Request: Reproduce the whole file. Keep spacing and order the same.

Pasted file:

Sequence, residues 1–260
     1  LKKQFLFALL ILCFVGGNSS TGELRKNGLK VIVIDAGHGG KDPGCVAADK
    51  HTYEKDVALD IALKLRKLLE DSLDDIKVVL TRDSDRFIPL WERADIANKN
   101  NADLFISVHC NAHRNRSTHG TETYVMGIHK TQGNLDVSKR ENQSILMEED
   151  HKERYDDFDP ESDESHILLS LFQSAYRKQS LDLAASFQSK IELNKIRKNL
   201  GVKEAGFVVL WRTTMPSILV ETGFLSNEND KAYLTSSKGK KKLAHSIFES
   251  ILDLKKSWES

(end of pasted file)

Sequence, residues 1–260
     1  LKKQFLFALL ILCFVGGNSS TGELRKNGLK VIVIDAGHGG KDPGCVAADK
    51  HTYEKDVALD IALKLRKLLE DSLDDIKVVL TRDSDRFIPL WERADIANKN
   101  NADLFISVHC NAHRNRSTHG TETYVMGIHK TQGNLDVSKR ENQSILMEED
   151  HKERYDDFDP ESDESHILLS LFQSAYRKQS LDLAASFQSK IELNKIRKNL
   201  GVKEAGFVVL WRTTMPSILV ETGFLSNEND KAYLTSSKGK KKLAHSIFES
   251  ILDLKKSWES